List of Different Types of Biologists

By Alison Green
Biologists Track Northern African Pythons In Florida's Everglades
Joe Raedle/Getty Images News/Getty Images

Biologists can pursue careers in diverse fields, including wildlife biology, forensic biology, microbiology, environmental biology and bioengineering. Depending on their specialty and level of education, they can find employment as forensic biologists, microbiologists, botanists, cetologists, entomologists, ornithologists or biological engineers. While some biologists spend their time in labs studying organisms at the molecular level, others work outdoors researching organisms in their natural habitats.

Forensic Biologists

Forensic biologists typically work for law enforcement agencies and private forensic science laboratories. They examine various pieces of biological evidence collected from crime scenes, including human hair and blood. These biologists strive to determine the cause of a death, compile forensic reports for use as evidence in legal proceedings and often serve as expert witnesses.

Aspiring forensic biologists must obtain at least bachelor’s degree in forensic biology to land the job. According to the U.S. Bureau of Labor Statistics, all forensic science technicians earned an average annual wage of $57,340 in 2013.

Wildlife Biologists

Wildlife biologists, who are categorized according to the specific species they study, research wild plants and animals. Cetologists, for example, study dolphins, whales and other marine mammals. Entomologists study insects, while ornithologists, entomologists and ichthyologists study birds, insects and wild fish, respectively. Botanists, on the other hand, research plants, their growth, diseases and uses.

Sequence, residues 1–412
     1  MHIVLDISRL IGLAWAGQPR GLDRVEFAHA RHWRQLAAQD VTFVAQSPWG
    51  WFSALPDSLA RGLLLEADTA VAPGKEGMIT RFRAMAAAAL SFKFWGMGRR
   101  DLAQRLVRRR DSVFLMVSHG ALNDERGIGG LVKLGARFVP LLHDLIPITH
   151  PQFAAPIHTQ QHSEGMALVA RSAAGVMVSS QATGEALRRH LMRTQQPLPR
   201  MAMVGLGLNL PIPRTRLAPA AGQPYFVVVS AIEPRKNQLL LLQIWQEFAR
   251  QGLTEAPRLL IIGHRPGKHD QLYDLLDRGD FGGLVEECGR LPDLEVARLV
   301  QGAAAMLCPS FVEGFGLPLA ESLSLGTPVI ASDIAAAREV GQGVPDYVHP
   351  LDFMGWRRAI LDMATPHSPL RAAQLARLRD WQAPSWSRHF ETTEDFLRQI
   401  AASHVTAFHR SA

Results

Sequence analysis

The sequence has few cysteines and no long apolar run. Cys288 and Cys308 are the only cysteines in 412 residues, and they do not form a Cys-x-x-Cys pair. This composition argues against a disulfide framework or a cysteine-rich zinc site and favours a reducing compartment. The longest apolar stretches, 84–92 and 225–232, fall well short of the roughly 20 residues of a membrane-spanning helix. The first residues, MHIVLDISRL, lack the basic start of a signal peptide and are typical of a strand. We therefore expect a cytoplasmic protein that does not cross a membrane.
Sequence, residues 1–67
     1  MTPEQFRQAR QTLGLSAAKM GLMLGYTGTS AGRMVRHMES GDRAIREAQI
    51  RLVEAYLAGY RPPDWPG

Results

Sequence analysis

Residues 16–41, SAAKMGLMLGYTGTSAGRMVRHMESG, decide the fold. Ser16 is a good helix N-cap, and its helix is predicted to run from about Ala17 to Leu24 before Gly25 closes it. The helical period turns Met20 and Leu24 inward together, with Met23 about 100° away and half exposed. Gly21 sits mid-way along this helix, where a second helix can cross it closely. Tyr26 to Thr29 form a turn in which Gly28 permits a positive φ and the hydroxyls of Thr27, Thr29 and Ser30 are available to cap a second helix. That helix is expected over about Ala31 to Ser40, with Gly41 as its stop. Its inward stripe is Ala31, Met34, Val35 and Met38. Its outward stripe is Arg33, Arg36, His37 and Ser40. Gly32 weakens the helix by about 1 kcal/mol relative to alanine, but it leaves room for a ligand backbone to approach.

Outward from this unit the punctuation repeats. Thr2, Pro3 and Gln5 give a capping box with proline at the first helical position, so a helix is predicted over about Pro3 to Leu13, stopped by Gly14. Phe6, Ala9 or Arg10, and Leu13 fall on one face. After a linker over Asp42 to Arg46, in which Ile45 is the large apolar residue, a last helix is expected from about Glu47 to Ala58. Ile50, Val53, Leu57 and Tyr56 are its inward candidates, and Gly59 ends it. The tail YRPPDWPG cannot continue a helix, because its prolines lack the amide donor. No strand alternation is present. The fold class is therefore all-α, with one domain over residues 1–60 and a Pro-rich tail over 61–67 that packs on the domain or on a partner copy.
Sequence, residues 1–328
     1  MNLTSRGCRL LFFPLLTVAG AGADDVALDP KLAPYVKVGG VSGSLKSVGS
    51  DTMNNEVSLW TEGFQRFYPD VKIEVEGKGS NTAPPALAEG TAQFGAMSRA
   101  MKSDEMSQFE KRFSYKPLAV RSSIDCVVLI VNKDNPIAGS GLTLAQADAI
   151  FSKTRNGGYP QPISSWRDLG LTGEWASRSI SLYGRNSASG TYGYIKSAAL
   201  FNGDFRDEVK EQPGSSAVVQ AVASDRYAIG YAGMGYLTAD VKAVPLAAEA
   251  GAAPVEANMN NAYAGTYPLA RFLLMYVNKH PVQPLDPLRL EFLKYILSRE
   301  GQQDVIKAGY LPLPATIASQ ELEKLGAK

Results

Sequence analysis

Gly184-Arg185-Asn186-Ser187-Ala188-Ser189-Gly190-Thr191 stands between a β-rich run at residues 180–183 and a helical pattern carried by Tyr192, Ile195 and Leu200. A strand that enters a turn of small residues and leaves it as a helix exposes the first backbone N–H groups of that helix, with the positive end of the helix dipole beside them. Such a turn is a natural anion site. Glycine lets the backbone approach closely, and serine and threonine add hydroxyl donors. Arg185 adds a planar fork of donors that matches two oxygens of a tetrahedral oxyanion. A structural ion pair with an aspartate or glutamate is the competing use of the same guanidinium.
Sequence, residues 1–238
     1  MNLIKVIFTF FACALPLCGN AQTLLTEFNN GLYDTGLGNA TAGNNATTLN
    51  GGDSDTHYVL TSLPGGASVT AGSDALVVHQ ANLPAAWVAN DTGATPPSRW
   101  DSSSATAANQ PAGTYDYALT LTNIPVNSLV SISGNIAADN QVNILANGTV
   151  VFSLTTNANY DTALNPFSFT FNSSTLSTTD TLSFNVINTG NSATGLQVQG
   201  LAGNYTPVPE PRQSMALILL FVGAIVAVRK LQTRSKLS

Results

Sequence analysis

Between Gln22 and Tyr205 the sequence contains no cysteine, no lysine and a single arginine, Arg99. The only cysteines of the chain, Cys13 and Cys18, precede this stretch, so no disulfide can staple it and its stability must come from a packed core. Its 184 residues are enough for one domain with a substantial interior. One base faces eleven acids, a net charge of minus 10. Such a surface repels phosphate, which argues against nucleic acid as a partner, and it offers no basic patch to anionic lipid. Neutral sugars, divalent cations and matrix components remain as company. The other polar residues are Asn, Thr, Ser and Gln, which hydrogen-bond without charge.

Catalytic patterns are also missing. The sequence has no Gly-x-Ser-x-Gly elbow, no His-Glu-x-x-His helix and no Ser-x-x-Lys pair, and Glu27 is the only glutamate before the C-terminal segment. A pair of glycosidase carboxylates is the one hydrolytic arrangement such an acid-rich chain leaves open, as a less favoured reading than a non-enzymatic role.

The typical employers of wildlife biologists include zoos, conservatories, aquariums and environmental agencies. Entry-level wildlife biologists typically hold at least a bachelor’s degree in wildlife biology, while those with research and teaching positions have doctoral degrees. The BLS reports that the mean annual wage for zoologists and wildlife biologists was $62,610 in 2013.

Microbiologists

Microbiologists are lab-based professionals who study organisms that can only be seen through a microscope; while bacteriologists study the effects of bacteria on people, plants and animals, virologists focus on viruses. Mycologists study mold, yeast and other types of fungi, and often identify their benefits to the environment and society, and immunologists study how the immune systems of animals and plants respond to disease-causing micro-organisms.

Microbiologists can work for scientific research firms, pharmaceutical companies, colleges and universities, and agricultural manufacturers. Although graduates with a bachelor’s degree in microbiology can find lab technician jobs in microbiology labs, a doctorate is required for teaching and research positions. Microbiologists earned a mean annual wage of $75,230 in 2013, according to the BLS.

Biological Engineers

Biological engineering is a bit different than the traditional biology disciplines. Armed with at least a bachelor's degree in bioengineering, biological engineers design equipment for processing foods or manufacturing pharmaceuticals and other biological products. They also manage greenhouse environments and find solutions to environmental biodegradation.

Biological engineers find jobs in food processing plants, pharmaceutical companies, environmental conservation organizations and biotechnology companies. The job site Indeed notes that biological engineers earned an average annual salary of $80,000, as of March 2015.

About the Author

Based in New York City, Alison Green has been writing professionally on career topics for more than a decade. Her work has appeared in “U.S. News Weekly” magazine, “The Career” magazine and “Human Resources Journal.” Green holds a master's degree in finance from New York University.